[TODAY]What now for the Sinuiju plan?

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[TODAY]What now for the Sinuiju plan?

Who is Yang Bin? He is the person in charge of North Korea's market economy experiment. Considering the effort North Korea has put into its plans to turn the city of Sinuiju into a special economic zone, Mr. Yang's success or failure could determine the outcome of North Korea's attempts of reform. The rumors that North Korean leader Kim Jong-il treats Mr. Yang like a son do not seem impossible. That Mr. Yang, who appeared like a comet in the sky, was suddenly de-tained by Chinese officials is a turn of events as surprising and dramatic as his appearance. The detention of Mr. Yang is a mystery and an irony of relations between North Korea and China.

The idea for Sinuiju might have been stimulated by the economic success of Shanghai. Mr. Kim visited Shanghai and toured the sites of China's market economy and information technology industries in January 2001 and praised them for "a cataclysmic change." The Sinuiju plan is to make a prosperous island of capitalist market economy in a socialist sea. It is reportedly modeled after Hong Kong. If Sinuiju develops into what Mr. Kim and Mr. Yang want it to be, it would also mean profits for China's Dandong region, which would be the primary portal for Sinuiju for some time to come.

It is both ironic and tragic that Sinuiju, inspired by Shanghai, modeled after Hong Kong and linked to Dandong, would be interrupted so early in its development by the detention of Mr. Yang by Chinese authorities.

China explained to North Korea that Mr. Yang's detention had nothing to do with Sinuiju, let alone with North Korea-China relations. Chinese officials explained that Mr. Yang was being detained because of allegations of tax evasion. But there are questions about China's intentions in having chosen this particular time to detain Mr. Yang even though he had been facing tax evasion allegations for some time. Mr. Yang lost his freedom of movement at the vital initial stage of the Sinuiju plan.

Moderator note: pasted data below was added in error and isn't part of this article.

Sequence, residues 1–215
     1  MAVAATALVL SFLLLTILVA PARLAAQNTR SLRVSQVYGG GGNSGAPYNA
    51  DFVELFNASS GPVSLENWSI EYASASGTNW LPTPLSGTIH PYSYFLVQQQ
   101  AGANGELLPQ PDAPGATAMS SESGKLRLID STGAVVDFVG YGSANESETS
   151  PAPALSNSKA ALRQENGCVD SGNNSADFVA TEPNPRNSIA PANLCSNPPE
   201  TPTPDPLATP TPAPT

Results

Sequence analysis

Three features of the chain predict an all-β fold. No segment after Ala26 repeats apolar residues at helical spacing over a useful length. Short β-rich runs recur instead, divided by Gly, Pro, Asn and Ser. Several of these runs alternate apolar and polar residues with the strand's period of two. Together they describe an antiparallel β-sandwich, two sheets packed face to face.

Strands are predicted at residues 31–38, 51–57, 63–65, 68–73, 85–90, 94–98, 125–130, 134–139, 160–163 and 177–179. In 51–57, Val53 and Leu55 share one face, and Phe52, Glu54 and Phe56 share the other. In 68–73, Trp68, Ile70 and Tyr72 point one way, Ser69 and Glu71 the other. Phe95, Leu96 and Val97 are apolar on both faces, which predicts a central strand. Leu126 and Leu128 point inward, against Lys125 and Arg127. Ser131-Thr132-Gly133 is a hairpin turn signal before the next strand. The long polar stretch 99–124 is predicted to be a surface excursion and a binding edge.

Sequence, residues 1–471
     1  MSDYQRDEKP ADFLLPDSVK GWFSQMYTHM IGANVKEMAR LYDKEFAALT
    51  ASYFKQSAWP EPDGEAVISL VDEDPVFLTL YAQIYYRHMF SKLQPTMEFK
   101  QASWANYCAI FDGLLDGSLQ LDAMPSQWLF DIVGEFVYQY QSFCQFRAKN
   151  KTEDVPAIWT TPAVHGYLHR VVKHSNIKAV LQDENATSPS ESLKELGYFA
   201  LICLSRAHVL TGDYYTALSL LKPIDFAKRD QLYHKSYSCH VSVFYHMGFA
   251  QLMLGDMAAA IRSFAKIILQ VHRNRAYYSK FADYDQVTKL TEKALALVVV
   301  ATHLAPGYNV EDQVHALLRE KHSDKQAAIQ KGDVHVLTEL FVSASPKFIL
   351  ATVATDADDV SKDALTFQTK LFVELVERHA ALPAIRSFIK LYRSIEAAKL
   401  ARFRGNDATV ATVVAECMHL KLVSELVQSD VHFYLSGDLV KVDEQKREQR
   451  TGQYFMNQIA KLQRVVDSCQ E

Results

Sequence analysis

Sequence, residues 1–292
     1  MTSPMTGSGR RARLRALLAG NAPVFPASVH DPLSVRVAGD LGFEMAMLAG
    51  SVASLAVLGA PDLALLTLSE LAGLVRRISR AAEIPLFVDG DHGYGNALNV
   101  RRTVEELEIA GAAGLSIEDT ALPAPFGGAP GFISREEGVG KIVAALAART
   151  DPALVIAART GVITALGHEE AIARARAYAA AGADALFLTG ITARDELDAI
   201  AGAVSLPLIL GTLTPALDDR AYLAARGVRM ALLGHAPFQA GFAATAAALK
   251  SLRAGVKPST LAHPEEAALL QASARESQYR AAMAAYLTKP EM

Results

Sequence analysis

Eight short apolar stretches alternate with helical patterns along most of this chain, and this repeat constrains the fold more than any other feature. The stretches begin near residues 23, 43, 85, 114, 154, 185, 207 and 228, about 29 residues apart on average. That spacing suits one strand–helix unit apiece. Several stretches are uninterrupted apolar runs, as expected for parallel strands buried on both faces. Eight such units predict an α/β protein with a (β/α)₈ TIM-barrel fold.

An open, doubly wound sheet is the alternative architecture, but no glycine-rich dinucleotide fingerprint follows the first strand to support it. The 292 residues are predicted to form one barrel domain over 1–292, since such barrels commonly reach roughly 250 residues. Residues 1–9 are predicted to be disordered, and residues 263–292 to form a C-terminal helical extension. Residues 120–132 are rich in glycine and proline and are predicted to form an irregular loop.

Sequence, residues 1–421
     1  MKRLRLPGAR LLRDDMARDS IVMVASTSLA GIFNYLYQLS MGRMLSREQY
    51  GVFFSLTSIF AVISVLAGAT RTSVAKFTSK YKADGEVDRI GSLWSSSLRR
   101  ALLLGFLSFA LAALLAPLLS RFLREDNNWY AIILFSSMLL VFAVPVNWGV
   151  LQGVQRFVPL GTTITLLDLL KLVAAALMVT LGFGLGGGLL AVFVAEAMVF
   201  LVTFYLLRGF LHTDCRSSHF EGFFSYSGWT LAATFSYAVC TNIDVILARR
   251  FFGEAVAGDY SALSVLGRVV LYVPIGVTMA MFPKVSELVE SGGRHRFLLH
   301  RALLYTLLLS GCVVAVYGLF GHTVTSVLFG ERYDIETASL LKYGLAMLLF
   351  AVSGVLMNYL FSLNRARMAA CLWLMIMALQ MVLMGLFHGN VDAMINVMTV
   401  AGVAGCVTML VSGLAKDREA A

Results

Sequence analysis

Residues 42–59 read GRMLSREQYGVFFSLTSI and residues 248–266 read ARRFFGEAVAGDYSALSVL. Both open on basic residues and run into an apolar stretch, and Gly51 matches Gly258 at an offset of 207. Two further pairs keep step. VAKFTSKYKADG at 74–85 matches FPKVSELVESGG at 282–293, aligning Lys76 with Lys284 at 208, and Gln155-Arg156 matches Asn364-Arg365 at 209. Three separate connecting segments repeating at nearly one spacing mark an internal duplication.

Had Mr. Yang been scouted as the chief of Sinuiju after all the plans were elaborated, replacing him would not be such a problem. If, however, the bulk of the Sinuiju idea had actually come from Mr. Yang's brain, as many suspect, and because it takes someone with a somewhat reckless drive and wild imagination like Mr. Yang to make the idea come true, the fall of Mr. Yang may mean a deadly blow for the future of Sinuiju.

The Sinuiju plan is admittedly rough and full of holes. When considering the international credibility of North Korea, it is hard to tell how many foreign businesses would enter Sinuiju and from where all the capital is to come. But when you combine developments in North-South relations, North Korea's relations with Japan and the United States that North Korea has actively tried to improve since the beginning of this year, Sinuiju might not be all that uncertain a plan.

North-South talks have started to show progress after a long time. The establishment of diplomatic relations with Japan is just around the corner for North Korea, and the United States has for now resumed talks with Pyeongyang. But the administrative chief of Sinuiju, which will soon become the symbol of North Korea's reforms and efforts to open the country, is under arrest at this important time. That could compromise the credibility of North Korea's ambitious reform plans in the outside world.

Relations between North Korea and China were tense in the mid-1990s and improved a bit only in recent years. Tension between the two countries reached a climax in 1995, when Mr. Kim wrote in the Rodong Sinmun about the "betrayers" of the socialist revolution who had perverted socialist ideology and were walking the capitalist road. Mr. Kim's criticism of China reflected the insecurity in the regime after events such as the establishment of diplomatic ties between South Korea and China in 1992 and the death of his father, and the founder of North Korea, Kim Il Sung, in 1994 and after the fall of the Soviet Union and the communist bloc in Eastern Europe.

If North Korea is to reform and introduce elements of a market economy, it would most likely use China's model to make a "North Korean-style socialist market economy." Since 1996, North Korea has sent numerous missions to China to witness that country's economic growth.

Those who hope for change in the North hope for a sussessful "revolution" of Sinuiju. It was a mistake to appoint a Chinese-born tycoon with big business in China as the administrative chief of Sinuiju without first consulting with Beijing. China is sensitive about the recent situation in which North Korea and Russia have displayed closer ties. Still, one hopes that Mr. Yang's detention does not mean that plans for Sinuiju will be stillborn.


The writer is a senior columnist of the JoongAng Ilbo.

by Kim Young-hie

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